How to Collaborate with a Difficult Co-Worker

As one of Hartford’s leading employment agencies, Stewart Staffing knows everyone has had to deal with a difficult co-worker at one time or another in their careers. Whether they’re loud, gossipy, too chatty, or just plain rude, it can certainly make for an unpleasant working environment. It’s even worse when you have to collaborate directly together on a project. How will you ever survive? Start by following these 7 tips:

#1. Consider your own behavior.

Before you try to get out of the project or start complaining to another co-worker, examine your own behavior to make sure you’re not contributing to the problem. For instance, perhaps there’s a personality conflict at work that’s not really anyone’s fault. Or maybe you’ve said something in the past that was hurtful and now they’re being passive aggressive toward you. Whatever the case, take stock of the situation – in a realistic way – and try to look at it from the other person’s perspective.

#2. Aim for a fresh start.

Just because you’ve had trouble in the past with a co-worker doesn’t mean you can’t strive for a fresh start. Meet with your co-worker privately and clear the air. Let them know you’re ready to collaborate and want to work together successfully on the project. Do your best to keep emotions out of it and try to be polite and professional.

#3. Don’t expect them to change.

That said, it’s important to realize you’re likely not going to change their behavior. Accept the fact that you have to work together and instead focus on your tasks and duties.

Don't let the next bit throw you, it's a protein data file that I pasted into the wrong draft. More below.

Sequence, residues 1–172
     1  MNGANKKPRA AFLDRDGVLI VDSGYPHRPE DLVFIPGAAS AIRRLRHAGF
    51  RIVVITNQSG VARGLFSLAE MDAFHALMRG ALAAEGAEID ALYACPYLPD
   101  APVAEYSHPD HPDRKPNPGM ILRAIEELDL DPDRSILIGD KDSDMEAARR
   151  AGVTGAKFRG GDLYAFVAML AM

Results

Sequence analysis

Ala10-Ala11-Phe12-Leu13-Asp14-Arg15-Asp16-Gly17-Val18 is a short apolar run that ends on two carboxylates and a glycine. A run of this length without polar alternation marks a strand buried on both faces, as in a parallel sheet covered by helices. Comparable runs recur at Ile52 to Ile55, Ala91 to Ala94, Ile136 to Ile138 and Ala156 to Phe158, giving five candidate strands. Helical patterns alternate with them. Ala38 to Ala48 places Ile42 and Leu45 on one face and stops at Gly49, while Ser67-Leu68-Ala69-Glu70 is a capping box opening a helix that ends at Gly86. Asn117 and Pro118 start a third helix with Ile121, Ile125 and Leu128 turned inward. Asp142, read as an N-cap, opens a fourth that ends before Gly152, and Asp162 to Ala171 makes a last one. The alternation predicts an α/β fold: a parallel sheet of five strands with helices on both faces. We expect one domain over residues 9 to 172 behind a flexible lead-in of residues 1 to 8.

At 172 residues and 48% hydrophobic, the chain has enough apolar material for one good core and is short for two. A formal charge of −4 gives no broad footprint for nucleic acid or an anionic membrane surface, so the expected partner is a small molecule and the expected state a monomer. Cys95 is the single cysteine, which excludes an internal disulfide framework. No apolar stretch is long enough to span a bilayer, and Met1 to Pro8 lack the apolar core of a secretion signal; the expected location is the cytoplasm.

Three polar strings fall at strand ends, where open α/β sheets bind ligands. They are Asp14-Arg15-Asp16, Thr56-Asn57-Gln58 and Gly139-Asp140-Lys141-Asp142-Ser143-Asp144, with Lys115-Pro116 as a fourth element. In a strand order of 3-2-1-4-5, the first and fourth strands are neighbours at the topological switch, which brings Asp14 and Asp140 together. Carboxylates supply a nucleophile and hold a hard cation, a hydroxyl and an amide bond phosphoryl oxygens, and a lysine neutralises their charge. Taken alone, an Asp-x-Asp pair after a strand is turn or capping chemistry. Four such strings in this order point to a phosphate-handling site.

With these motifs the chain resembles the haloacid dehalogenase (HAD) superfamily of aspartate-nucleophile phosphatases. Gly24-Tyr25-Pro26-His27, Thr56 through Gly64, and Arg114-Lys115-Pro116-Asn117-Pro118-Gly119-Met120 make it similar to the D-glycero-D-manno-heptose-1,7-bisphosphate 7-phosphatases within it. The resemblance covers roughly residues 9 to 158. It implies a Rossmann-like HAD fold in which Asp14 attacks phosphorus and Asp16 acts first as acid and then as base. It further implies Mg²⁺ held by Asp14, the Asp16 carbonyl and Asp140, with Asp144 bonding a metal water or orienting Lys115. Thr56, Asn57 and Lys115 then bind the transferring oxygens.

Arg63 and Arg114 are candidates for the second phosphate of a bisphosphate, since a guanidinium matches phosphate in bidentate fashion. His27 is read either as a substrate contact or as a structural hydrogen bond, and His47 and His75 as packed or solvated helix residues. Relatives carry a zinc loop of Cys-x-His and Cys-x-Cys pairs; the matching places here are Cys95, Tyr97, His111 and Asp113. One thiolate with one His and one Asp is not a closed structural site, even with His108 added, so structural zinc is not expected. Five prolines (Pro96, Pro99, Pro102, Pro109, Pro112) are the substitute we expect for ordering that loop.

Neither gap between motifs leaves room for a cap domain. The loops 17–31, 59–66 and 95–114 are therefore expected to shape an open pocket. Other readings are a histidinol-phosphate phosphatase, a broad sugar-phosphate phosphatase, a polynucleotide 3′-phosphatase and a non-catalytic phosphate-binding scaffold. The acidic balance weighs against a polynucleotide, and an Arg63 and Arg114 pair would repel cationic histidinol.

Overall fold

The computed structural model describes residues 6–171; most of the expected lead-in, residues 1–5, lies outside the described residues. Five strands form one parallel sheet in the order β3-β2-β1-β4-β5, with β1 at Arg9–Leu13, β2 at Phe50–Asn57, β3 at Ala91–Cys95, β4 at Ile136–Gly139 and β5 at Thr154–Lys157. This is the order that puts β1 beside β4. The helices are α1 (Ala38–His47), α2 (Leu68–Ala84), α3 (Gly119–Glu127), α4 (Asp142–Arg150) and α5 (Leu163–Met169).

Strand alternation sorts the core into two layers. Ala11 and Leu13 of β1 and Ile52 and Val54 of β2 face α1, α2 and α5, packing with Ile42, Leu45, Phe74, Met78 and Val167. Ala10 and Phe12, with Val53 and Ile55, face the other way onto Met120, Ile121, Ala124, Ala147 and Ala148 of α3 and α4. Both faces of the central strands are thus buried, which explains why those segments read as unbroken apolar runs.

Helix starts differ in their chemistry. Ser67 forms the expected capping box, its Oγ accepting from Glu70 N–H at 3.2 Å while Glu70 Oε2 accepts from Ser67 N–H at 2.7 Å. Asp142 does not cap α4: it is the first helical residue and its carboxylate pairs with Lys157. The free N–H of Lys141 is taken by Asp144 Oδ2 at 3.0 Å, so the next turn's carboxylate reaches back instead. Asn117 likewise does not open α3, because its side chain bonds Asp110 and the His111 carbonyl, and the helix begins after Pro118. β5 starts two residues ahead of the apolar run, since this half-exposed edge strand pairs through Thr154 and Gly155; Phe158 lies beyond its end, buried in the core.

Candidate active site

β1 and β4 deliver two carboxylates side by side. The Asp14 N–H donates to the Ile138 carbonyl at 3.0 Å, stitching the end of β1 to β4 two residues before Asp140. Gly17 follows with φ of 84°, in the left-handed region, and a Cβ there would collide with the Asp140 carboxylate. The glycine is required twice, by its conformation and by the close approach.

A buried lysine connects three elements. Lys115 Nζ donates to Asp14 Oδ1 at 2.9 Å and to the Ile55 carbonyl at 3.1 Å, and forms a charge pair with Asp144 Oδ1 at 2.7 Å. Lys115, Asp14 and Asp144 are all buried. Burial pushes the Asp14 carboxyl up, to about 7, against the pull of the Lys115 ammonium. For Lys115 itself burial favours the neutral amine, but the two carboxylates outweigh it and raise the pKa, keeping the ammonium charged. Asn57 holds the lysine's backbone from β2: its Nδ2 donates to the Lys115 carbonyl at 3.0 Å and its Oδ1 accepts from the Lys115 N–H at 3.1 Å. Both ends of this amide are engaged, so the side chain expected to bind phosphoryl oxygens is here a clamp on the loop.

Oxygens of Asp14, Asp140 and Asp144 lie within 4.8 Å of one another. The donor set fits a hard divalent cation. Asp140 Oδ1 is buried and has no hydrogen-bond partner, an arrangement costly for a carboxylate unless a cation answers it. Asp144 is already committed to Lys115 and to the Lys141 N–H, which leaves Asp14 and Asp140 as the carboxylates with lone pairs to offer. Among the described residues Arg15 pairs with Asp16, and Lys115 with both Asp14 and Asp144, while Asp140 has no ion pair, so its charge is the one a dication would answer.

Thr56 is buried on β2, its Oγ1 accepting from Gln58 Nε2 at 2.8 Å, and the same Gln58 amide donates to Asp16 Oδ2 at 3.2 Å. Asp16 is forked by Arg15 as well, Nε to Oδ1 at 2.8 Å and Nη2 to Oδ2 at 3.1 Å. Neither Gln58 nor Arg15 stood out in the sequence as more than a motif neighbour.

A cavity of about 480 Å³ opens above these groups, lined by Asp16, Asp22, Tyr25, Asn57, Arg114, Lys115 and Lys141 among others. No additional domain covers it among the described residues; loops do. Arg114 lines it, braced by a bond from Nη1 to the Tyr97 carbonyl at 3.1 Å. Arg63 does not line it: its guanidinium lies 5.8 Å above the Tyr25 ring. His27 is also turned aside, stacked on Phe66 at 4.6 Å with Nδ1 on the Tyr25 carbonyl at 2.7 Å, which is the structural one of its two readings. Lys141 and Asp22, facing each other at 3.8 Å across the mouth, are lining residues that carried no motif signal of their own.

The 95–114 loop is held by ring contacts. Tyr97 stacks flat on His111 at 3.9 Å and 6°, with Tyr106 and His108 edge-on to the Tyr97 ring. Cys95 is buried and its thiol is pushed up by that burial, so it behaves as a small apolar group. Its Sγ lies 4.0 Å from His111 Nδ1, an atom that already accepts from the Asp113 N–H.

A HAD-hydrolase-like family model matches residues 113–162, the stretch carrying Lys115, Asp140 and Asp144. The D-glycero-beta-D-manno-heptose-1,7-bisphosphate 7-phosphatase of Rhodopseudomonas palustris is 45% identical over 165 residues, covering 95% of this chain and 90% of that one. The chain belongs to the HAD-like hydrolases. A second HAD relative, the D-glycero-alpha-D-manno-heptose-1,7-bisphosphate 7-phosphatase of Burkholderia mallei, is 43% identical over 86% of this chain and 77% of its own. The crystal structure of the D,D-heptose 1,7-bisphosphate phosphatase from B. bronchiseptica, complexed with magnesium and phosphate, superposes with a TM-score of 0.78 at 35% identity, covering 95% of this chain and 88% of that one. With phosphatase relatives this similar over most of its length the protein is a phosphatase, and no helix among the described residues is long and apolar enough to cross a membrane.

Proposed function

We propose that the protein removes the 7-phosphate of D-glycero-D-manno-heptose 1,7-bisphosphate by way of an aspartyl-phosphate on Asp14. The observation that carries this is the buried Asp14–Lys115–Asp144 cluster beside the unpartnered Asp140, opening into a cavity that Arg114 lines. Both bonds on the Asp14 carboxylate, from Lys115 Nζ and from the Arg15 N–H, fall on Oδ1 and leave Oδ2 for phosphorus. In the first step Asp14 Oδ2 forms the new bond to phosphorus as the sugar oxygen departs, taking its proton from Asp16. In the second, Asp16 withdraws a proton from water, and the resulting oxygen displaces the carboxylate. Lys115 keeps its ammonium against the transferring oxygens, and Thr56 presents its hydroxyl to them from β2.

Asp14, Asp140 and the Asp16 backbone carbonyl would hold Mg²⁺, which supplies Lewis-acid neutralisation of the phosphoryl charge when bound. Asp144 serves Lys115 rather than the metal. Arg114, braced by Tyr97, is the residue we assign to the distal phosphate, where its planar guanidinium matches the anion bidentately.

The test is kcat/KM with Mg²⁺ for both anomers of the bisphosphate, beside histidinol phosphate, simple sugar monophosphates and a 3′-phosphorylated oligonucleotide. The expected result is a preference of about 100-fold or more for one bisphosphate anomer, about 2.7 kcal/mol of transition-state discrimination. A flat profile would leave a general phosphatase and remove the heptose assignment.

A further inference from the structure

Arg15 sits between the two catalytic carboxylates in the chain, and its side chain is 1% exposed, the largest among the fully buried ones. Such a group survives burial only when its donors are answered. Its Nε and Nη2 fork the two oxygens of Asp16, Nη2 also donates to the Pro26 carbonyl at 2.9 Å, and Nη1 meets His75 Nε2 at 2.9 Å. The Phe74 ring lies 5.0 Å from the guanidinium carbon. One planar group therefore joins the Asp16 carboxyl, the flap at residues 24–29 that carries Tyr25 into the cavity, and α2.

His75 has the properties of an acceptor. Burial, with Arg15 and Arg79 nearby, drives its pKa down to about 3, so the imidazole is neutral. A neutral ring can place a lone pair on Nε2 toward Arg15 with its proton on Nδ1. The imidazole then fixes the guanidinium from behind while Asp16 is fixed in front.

#4. Do look for the positive.

Perhaps you don’t like how gossipy a co-worker it. That’s understandable. But there must be some other, more positive qualities that you do like or even admire. Try to look for those instead. When you focus on the positive, it will be easier to build bridges and work together.

#5. Be careful when communicating.

When it comes to communicating with a difficult co-worker, in person is often best. Details can get easily lost in translation via email, and if they’re impatient or often take things the wrong way, it can sabotage your project. Instead, aim to get together face-to-face, or at least have a phone conversation to discuss project details.

#6. Don’t take it personally.

When someone is constantly negative or hard to deal with, it can be easy to take personally. But don’t do it. Their behavior likely has nothing to do with you and everything to do with their personality or issues they’re facing outside of work.

#7. Know when to ask for help.

If the situation is going south fast, don’t be afraid to ask your boss for help. Just make sure you’ve exhausted all possible options first. Also, when you do have a conversation with your boss, just state the facts and try to keep the emotion out of it.

If you’re tired of difficult co-workers and are ready for a new opportunity, contact the experts at Stewart Staffing. As one of Hartford’s leading employment agencies, we’ll get to know your background, skills and personality; we’ll then get to work matching you with opportunities that are a better fit for you and your career goals. Contact us today to learn more.

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